For most people, a home loan is the largest debt they have, and the longer it takes to pay off your mortgage, the more you will pay in interest over the life of the loan and the longer you will have a monthly payment to budget into your monthly expenses.
While the idea of eliminating your mortgage sounds like a great idea, it doesn’t make financial sense for everyone. In some cases it can improve your financial situation, but in others it would make more sense to invest that money somewhere else or pay off other loans or revolving credit with higher interest rates. If you do decide to pay it off early, here are three proven strategies.
1: Pay Extra Toward Principal
Your monthly payment is divided into paying the interest and paying down the principal balance. If you pay more toward the principal, you can get the entire loan paid off sooner and reduce the amount you will pay in interest over the life of your loan. You can accomplish this in several ways, including:
- Adding to each monthly payment
- Making payments every two weeks or every week instead of every month
- Make an extra payment when you get extra money
- Make one extra payment each year
2: Refinance to a Lower Rate
If your current loan has a higher interest rate, refinancing into a lower-interest-rate loan can reduce your total monthly payment. The key, though, is to continue paying your higher payment even after you refinance because the extra amount will go toward your principal balance. Refinancing could reduce your payments by hundreds of dollars every year, but if you keep paying the higher payment all that money is now going toward principal.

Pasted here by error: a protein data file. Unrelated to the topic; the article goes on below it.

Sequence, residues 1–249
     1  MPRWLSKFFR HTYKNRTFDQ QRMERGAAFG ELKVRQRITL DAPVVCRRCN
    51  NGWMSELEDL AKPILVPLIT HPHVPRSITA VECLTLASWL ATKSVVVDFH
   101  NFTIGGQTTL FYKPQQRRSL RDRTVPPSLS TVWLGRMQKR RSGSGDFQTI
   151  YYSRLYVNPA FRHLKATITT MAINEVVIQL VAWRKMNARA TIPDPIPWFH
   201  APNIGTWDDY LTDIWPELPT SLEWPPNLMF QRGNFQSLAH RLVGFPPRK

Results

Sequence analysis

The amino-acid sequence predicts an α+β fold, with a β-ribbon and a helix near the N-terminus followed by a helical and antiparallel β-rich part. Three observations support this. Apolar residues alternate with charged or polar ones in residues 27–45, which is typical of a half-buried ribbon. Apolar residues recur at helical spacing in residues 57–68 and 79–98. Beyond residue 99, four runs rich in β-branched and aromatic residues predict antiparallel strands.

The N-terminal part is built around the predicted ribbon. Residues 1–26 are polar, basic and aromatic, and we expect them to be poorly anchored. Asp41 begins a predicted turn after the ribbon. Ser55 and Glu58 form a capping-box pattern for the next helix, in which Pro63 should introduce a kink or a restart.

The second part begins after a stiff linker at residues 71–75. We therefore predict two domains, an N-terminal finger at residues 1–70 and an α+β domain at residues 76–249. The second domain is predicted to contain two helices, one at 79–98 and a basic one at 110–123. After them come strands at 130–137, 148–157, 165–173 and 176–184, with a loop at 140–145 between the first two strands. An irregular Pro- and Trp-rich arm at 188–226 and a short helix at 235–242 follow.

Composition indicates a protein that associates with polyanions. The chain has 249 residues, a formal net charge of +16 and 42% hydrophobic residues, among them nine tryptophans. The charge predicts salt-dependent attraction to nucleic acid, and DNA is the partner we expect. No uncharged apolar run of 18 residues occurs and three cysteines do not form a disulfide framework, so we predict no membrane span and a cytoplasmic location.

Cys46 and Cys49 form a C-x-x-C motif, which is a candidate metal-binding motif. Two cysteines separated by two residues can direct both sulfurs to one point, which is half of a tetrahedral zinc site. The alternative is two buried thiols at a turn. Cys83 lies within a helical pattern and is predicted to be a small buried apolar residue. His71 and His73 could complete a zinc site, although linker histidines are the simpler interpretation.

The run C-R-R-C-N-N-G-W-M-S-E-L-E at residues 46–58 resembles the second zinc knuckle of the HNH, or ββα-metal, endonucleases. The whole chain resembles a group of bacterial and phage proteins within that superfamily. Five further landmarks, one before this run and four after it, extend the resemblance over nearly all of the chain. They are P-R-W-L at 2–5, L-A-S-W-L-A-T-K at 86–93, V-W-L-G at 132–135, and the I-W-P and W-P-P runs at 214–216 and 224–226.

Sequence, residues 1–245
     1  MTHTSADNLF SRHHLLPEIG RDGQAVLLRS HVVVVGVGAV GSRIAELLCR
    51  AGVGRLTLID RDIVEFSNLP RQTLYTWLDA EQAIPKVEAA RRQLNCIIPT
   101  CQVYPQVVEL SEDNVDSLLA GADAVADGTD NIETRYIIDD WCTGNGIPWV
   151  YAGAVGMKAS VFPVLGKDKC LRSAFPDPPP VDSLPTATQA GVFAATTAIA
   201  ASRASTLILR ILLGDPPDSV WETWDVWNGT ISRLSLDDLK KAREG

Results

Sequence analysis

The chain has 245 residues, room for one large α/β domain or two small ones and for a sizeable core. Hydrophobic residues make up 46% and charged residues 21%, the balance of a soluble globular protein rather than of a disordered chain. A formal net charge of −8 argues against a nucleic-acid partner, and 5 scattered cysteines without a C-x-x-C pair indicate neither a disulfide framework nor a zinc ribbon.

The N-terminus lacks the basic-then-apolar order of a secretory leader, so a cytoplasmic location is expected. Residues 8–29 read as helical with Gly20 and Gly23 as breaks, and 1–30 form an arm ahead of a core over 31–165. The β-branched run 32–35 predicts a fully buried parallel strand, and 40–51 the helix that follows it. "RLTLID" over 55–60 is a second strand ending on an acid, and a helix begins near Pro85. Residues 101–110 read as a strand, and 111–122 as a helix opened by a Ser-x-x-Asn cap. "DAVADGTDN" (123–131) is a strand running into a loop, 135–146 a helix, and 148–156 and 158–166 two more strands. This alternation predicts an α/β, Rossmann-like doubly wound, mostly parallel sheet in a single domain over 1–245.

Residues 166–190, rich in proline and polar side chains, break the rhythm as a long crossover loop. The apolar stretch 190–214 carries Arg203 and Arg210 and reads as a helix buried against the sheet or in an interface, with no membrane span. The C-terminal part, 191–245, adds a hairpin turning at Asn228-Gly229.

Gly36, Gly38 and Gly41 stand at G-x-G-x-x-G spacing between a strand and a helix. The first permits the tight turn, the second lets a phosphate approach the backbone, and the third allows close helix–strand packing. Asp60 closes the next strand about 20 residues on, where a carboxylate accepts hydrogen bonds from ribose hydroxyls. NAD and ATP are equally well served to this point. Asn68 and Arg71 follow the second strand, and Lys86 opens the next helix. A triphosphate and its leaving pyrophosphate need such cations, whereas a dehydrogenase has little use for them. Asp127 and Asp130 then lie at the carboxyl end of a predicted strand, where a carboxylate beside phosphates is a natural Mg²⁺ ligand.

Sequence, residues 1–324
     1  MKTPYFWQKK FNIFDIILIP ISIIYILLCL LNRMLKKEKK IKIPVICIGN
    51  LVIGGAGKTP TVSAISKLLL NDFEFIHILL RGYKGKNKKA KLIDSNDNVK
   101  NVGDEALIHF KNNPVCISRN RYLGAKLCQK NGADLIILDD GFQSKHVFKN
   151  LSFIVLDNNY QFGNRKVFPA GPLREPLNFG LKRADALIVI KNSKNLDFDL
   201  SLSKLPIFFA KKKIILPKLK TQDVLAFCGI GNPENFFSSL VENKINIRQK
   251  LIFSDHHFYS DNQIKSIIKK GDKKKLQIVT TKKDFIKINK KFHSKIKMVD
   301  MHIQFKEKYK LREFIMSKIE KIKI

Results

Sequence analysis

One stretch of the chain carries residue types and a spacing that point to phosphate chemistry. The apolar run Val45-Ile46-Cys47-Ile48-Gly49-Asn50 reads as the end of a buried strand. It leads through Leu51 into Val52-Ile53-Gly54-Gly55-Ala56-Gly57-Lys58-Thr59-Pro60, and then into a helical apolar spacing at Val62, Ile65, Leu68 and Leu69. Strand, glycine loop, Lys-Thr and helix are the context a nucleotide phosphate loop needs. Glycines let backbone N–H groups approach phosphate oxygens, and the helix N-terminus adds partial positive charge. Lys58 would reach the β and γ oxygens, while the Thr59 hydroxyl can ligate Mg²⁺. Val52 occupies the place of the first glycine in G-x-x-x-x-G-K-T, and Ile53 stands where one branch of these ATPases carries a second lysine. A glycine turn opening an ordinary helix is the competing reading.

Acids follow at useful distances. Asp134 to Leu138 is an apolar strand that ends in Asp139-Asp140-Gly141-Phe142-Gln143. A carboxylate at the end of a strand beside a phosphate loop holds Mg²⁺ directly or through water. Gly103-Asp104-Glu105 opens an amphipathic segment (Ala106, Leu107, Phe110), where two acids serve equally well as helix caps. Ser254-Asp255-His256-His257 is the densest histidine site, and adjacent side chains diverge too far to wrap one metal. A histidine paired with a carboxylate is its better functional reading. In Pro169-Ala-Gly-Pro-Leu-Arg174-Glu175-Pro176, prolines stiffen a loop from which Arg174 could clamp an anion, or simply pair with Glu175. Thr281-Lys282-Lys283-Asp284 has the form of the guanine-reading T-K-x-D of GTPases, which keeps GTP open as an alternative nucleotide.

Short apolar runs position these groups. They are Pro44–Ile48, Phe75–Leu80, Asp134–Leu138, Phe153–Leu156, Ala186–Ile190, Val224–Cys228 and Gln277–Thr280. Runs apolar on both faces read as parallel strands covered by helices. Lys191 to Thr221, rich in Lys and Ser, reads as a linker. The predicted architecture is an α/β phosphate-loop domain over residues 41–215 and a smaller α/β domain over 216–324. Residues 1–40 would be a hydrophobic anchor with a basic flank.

3: Refinance to a Shorter Loan Term
Shorter-term loans, such as 10 or 15 years, will have higher monthly payments, but will also reduce the total amount of interest that you pay over time, so if you can afford the higher payments, not only is your loan repayment term shorter, you will save quite a bit of money by not paying so much interest.
Paying off your mortgage earlier will require planning and may mean you need to be more disciplined about your personal finances. It can pay off in the long run by allowing you to live mortgage-free and giving you more expendable income to travel, contribute to retirement accounts, or pursue your other hobbies and dreams.